From The Trenches
Vol. 36 No. 2: The fringe benefits of decluttering
I love collections; it's clutter I loathe.
I can hear you snickering all the way from here, and I don't blame you. Anyone who's been collecting anything for longer than a week knows that embracing collections while eschewing clutter is like trying to sweep a dirt floor. You can do it all day long, but you're still going to wake up to a dirt floor.
Seems to me the core problem is that it's impossible to collect anything without also inviting all its first cousins into the house: the books and magazines about the collectibles, the cases and stands to store and display the collectibles, and the research notes and stacks of computer printouts of comparables or want-to-haves, none of which ever seem to get tossed or filed.
Then, in addition to the lookie-me pieces that are actually displayed, there are the what-was-I-thinking mistakes shamefacedly cowering in the closets and the so-so examples relegated to collectibles purgatory in spots around the house, usually drawers and cabinets that will barely close anymore.
Don't try to look innocent. I'd lay money on every one of you having at least one bedroom bureau drawer that's worse than the kitchen junk drawer. I know you, for am one of you.
So my New Year's resolution was to do a brutal, full-on frontal attack on at least one closet , drawer, or trunk every day. I did this accompanied by "Whistle While You Work." As if. For collectors, a clean-out deserves a dirge, so I did it accompanied by my paraphrased version of Billie Holiday's plaintive ballad "Good Morning, Heartache."
Good morning, clutter, you old unruly sight,
Good morning, clutter, I tried to say good-bye last night.
I threw out dreck all night long,
But here you are with the dawn.
Wish I'd just pitch you, but you're here to stay.
It seems I met you when my sense went away.
Now every day I start by saying to you,
Good morning, clutter, what's new?*
I know. I'm not quitting my day job.
In the course of this daily battle with the intrinsic anarchy of stuff, I made some startling discoveries. Among them was the piece that started it all.
Yes, deep in a trunk that also cradled my kindergarten report card (A+ in manners but "needs to be less shy"), I found the piece that was originally responsible for my life ever since occasionally spiraling into a muddle of "Oh, let's keep that" disarray.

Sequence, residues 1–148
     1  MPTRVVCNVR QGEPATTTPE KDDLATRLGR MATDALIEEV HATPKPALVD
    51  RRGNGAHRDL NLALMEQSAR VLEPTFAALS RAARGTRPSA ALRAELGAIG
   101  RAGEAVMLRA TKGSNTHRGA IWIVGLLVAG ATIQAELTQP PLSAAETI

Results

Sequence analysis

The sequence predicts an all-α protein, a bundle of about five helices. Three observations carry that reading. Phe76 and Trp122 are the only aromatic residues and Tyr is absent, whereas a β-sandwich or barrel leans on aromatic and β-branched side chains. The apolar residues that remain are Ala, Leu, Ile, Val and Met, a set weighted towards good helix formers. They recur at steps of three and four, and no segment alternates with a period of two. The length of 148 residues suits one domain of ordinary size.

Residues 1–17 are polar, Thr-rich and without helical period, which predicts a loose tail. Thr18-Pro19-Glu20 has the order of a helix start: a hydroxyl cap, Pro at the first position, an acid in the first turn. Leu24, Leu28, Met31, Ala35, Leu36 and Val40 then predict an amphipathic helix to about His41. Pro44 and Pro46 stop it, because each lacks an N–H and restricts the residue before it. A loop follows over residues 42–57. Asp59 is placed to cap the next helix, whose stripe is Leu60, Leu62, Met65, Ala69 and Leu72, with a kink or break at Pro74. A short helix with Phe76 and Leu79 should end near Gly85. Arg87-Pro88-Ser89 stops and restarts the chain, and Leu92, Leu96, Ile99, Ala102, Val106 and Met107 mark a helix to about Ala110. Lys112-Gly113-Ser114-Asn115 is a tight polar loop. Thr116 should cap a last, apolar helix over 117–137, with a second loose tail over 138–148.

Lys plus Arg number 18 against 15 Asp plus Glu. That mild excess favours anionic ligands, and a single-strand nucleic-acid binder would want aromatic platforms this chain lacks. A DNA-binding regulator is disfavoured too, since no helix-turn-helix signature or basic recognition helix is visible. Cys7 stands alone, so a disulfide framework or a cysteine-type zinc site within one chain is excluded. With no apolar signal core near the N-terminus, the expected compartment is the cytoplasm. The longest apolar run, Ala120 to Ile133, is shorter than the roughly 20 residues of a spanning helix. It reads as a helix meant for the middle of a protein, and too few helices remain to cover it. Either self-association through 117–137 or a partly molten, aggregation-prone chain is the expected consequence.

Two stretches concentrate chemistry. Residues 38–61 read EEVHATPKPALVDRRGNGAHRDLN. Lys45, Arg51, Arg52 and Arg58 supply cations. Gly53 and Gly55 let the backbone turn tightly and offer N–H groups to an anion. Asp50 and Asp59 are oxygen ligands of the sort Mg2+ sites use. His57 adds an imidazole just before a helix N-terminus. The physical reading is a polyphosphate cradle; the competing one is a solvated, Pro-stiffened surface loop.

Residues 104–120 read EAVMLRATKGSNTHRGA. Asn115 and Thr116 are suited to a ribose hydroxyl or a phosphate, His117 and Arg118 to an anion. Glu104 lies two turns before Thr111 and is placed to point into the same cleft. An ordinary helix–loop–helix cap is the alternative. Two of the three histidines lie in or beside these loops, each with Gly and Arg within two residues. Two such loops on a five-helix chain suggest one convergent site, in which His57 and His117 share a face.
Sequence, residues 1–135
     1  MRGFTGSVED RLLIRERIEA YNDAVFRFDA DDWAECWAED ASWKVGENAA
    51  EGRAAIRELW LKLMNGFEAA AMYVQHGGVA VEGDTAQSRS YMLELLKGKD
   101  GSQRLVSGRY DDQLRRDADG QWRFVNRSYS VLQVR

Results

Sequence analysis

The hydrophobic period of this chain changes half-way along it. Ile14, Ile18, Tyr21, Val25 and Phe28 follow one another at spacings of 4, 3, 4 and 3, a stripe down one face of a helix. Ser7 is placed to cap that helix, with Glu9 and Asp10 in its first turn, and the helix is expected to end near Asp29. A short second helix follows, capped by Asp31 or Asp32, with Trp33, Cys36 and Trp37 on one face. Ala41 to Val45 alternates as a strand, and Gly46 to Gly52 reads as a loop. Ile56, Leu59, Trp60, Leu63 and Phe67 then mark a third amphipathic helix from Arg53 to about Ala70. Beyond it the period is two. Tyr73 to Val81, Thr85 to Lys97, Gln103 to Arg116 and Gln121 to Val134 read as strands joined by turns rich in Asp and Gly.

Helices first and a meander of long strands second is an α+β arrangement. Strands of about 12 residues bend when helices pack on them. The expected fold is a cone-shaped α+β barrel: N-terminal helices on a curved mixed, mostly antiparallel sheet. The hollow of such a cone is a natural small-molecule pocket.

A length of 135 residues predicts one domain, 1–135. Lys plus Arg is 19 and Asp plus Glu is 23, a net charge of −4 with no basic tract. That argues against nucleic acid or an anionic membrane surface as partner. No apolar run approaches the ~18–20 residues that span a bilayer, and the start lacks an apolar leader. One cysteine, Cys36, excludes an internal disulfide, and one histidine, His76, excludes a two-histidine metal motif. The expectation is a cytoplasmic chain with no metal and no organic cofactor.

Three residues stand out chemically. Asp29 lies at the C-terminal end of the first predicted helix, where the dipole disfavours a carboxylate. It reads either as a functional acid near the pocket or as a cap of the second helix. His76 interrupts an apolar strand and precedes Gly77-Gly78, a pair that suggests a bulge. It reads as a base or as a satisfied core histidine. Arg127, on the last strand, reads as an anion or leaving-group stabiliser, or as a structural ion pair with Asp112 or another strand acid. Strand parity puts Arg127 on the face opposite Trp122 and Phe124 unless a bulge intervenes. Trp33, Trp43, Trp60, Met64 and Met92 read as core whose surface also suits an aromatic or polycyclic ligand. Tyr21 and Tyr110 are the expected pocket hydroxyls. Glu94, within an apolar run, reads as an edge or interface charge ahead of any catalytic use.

It's a piece of fringe. You read that right. A piece of fringe. When I was a little kid, my mother made a set of Austrian window shades, and there were little bits of fringe left over. I kept one and named it Fringe Benefit. (I'm surprised my kindergarten report card didn't say "Must learn to avoid atrocious puns." Or better, "For the love of God, give her a pony so she quits playing with fringe, because that's just weird.")
Anyway, signifying that it was the root cause of the problem is that I still had Fringe Benefit more than 17,000 days later. Scary math.
I also found some genuine treasures, including the 40-year-old business card of the man responsible for my affection for militaria. It wasn't his actual business card. It was the one he handed out to blowhards. On crisp white stock with handsomely embossed letters, it presented his name, Malcolm Vincent Dearing, gave his company name as "Yggdrasil," and described his position as "Assistant Norn."
In ancient Norse mythology the Yggdrasil is a huge and holy tree, and the Norns are virgins who determine the fates of men. Malcolm handed the ersatz business cards to bumptious know-it-alls just for the joy of watching them read it, nod sagely, and say, "Oh, yes, well, of course. Interesting line of work. I have a nephew in that."
Is it any wonder I was nuts about Uncle Malcolm?
Malcolm was a serious collector of Pickelhauben and international orders, medals, and decorations, and—well, pretty much anything, including coins and stamps. He and I never knew if his love of collecting infected me or if he and I were both genetically doomed from birth.
Operation Cleanout also resulted in what I've come to think of as the parable of the prodigal bottle.
Decades ago, before I developed any affinity for early glass, I set aside a decanter that didn't appeal. Years passed, my tastes changed, and one day, to my horror, I discovered that what I had so cavalierly dismissed in my callow youth was a highly collectible and coveted piece.
But where had I put it? The search from attic to basement was fruitless. At one point I was so disheartened I almost bought an overpriced replacement just so I could quit kicking myself.
Guess what I just found.
The Operation Cleanout ratio for all of the above is 2:1. The decanter and business card are staying.
Fringe Benefit has left the building. It's gotten as far as a trash bag on the back porch. I can still retrieve it if I want, and tonight might be a nail-biter.
Good mornin', clutter, what's new? —Ed. (Nancy Dearing Rossbacher)
*Original "Good Morning Heartache" lyrics © Songwriters Guild of America, Sony/ATV Music Publishing LLC. If you don't know the melody, youtube it and you'll see why it's the editor's clutter song. Substitute "clutter" for every mention of "heartache."
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